Psoriatic Arthritis

Psoriatic arthritis is an inflammatory arthritis associated with a chronic skin disease called psoriasis.

Psoriasis causes small sized to large sized patches of red, scaly, itchy skin.

Patches of psoriasis frequently  are present over bony prominences such as the elbows and the knees. Psoriasis may also involve your scalp or your bellybutton. Psoriasis affects 1-2% of the population. Of these patients with psoriasis approximately 10%  will go on to develop a type of inflammatory arthritis. Besides skin involvement, nail lesions called pitting are frequently present especially in those patients who have arthritis of the DIP joints, those joints closest to your fingernails.

Most of the time the arthritis begins after the patient has had skin disease for a number of years.  However sometimes the arthritis may be the initial presenting feature and occasionally the arthritis and skin lesions present together. Psoriatic arthritis may have several different types of presentations. The most common is involvement of just a few joints (less than 5) in an asymmetric pattern. Some patients with psoriatic arthritis may resemble a patient with rheumatoid arthritis with multiple joints in a symmetrical pattern.  Some patients may have a predominance of involvement of the spine (spondylitis) and some patients may have digits that look like sausages (dactylitis). Other patients may have lots of inflammation where tendons attach to bone (enthesitis).

The diagnosis of psoriatic arthritis can best be made by a rheumatologist who is aware of the many subtleties of this disease.  There is no one special blood test that helps make this diagnosis. X-rays can sometimes assist in the diagnosis. A careful history, and a detailed physical examination with special attention to the joints, skin, and nails are most important. Once the diagnosis of psoriatic arthritis is made your rheumatologist will devise a treatment strategy for you.

Milder types of psoriatic arthritis may respond to nonsteroidal anti-inflammatory drugs (NSAIDs) such as naproxen, diclofenac, or indomethacin. Patients failing to respond to NSAIDs are now treated with biologics. These are newer therapies developed over the past 15 years that target specific chemicals involved in the inflammatory process. Biologics have the best chance of improving symptoms of joint pain and swelling and also limiting long-term damage from the arthritis. They also frequently bring about a marked improvement in the skin disease.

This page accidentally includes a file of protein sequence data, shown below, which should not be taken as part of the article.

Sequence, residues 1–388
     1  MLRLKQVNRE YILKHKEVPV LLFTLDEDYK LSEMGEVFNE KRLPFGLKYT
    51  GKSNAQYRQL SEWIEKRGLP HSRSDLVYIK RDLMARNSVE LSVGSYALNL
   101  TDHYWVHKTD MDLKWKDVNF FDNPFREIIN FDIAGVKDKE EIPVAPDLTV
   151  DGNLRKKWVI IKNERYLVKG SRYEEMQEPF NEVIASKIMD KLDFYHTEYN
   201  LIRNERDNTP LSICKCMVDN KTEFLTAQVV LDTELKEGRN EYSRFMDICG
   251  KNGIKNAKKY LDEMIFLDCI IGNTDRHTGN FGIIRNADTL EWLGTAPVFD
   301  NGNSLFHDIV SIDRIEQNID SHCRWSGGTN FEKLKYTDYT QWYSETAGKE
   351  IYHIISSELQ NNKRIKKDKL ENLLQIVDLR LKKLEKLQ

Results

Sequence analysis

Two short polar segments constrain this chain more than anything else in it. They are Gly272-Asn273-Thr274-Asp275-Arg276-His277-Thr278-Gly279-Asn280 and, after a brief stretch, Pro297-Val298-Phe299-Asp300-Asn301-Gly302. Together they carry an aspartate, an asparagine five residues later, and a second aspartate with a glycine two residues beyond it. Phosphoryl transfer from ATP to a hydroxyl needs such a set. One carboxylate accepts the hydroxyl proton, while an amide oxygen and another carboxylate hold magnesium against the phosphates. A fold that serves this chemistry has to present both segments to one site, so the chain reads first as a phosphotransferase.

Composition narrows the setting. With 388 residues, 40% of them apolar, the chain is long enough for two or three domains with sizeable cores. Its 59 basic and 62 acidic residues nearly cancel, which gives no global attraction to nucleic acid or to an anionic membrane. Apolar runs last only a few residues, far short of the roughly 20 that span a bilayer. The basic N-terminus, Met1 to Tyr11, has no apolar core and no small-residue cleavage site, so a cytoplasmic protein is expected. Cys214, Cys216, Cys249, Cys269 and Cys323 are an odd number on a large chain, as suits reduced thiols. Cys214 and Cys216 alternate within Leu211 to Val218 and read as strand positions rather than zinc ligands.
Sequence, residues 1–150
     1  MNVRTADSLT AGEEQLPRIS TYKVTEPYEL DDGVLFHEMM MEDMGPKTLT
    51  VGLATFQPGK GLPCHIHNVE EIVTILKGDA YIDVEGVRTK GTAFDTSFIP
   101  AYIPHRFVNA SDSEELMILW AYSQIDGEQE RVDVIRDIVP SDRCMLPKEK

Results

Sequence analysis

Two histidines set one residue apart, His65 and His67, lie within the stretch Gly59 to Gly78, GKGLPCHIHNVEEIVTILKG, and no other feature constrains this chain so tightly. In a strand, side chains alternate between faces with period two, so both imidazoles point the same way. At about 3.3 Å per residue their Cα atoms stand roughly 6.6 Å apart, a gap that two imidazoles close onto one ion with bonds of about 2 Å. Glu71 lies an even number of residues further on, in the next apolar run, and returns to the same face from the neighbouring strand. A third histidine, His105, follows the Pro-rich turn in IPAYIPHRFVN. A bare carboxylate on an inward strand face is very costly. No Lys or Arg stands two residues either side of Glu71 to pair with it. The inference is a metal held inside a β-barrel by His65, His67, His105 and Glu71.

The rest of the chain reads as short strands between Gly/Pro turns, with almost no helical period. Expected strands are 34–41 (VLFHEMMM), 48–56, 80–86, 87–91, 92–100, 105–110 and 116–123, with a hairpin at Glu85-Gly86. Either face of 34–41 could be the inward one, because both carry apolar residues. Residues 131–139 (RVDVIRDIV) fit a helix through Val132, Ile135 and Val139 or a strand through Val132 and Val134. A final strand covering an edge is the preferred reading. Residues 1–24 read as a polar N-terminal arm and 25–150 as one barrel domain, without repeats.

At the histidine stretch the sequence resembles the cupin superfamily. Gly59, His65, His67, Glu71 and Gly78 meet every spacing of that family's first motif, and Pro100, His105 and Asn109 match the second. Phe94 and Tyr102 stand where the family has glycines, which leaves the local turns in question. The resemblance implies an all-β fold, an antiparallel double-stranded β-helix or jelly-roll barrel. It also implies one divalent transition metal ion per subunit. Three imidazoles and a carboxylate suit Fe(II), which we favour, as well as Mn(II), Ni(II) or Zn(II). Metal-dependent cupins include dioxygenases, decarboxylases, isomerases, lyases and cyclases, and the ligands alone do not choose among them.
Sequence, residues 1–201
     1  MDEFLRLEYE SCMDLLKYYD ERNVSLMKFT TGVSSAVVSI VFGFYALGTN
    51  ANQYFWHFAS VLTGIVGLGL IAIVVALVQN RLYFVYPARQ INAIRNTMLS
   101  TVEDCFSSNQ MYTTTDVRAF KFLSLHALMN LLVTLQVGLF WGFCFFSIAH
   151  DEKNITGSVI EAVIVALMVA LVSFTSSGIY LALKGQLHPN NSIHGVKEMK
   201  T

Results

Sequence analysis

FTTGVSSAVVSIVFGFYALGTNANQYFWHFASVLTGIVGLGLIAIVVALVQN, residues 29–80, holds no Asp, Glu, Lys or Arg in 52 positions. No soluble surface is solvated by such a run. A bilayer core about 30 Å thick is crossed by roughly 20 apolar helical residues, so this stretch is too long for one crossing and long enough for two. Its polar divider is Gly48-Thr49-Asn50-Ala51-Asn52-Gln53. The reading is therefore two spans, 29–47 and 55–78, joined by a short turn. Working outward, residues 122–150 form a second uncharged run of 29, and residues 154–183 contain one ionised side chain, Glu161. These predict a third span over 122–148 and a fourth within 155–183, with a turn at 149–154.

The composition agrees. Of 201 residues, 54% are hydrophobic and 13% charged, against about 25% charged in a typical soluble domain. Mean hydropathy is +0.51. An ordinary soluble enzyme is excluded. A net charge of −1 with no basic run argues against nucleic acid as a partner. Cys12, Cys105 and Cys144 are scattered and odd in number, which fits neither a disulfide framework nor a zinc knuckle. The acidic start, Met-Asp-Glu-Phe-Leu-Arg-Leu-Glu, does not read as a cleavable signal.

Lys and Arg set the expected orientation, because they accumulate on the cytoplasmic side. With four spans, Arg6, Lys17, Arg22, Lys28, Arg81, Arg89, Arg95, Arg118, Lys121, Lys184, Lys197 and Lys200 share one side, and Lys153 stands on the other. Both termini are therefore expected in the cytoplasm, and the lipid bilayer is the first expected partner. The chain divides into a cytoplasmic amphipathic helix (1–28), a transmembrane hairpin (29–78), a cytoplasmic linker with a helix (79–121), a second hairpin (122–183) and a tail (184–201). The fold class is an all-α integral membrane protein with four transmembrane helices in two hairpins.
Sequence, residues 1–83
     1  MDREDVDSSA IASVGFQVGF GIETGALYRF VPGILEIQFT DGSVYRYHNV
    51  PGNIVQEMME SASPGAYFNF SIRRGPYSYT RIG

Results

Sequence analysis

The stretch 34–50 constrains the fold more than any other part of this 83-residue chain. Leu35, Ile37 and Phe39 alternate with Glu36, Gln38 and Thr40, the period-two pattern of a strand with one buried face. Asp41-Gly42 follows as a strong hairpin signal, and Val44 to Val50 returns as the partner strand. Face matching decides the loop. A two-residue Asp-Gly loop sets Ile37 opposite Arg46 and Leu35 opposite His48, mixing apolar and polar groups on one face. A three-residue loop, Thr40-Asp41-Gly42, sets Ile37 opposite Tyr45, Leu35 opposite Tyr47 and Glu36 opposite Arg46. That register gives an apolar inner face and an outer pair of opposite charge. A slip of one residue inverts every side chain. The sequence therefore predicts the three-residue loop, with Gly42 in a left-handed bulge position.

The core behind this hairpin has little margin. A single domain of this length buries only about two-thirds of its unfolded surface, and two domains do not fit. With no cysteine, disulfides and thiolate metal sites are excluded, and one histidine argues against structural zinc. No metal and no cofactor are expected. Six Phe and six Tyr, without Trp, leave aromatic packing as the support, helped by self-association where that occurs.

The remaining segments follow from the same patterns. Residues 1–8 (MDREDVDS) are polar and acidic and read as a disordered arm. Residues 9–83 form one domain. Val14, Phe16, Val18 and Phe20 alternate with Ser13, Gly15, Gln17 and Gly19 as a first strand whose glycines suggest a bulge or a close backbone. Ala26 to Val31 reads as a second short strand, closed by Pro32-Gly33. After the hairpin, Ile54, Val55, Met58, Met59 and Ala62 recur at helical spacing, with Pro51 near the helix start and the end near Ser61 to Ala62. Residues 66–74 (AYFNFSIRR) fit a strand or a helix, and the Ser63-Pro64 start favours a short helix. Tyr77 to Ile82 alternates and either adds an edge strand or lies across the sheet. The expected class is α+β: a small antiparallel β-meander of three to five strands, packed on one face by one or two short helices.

Rheumatologists are experts in the diagnosis and treatment of psoriatic arthritis. With the advent of newer therapies the majority of patients can live healthy productive lives.

Jan 15, 2019

10 Ways to Build your Quality of Life with Arthritis

ntNco7TTS7W1TWEgbcuR_full_ways-to-build-quality-of-life-with-arthritis

People living with arthritis are often discouraged by how much the disease can take from their life. If you have arthritis, physical limitations caused by chronic pain and fatigue can diminish your quality of life. When you suffer from arthritis, so much energy is consumed just trying to accomplish ordinary tasks and usual daily activities […]

Read More »

Jan 8, 2019

Nine Strategies for Managing Depression Caused by Arthritis

ogsmj6MQ5evd89pIQcsg_full_managing-depression-caused-by-arthritis-healthy-living-tips

Anyone who suffers from arthritis knows that the blues can become a part of life. According to The Arthritis Foundation, “People with arthritis have high rates of depression and anxiety. Many of those affected don’t receive mental health treatment – which could potentially help with their physical arthritis symptoms.” The good news is that it […]

Read More »

Dec 12, 2018

Tips for Cold Weather Exercise with Arthritis

FjZa0bySOFEB3MsYTRws_full_7-Tips-for-Staying-Active-in-Cold-Weather

Winter has hit North Carolina! And while it may not be officially considered winter for a few weeks, these frigid days tell us otherwise. The temperatures are quickly dropping and that comfy couch and cozy blanket are much more appealing than a brisk walk outside. Unfortunately, inactivity will make pain and depression worse for arthritis […]

Read More »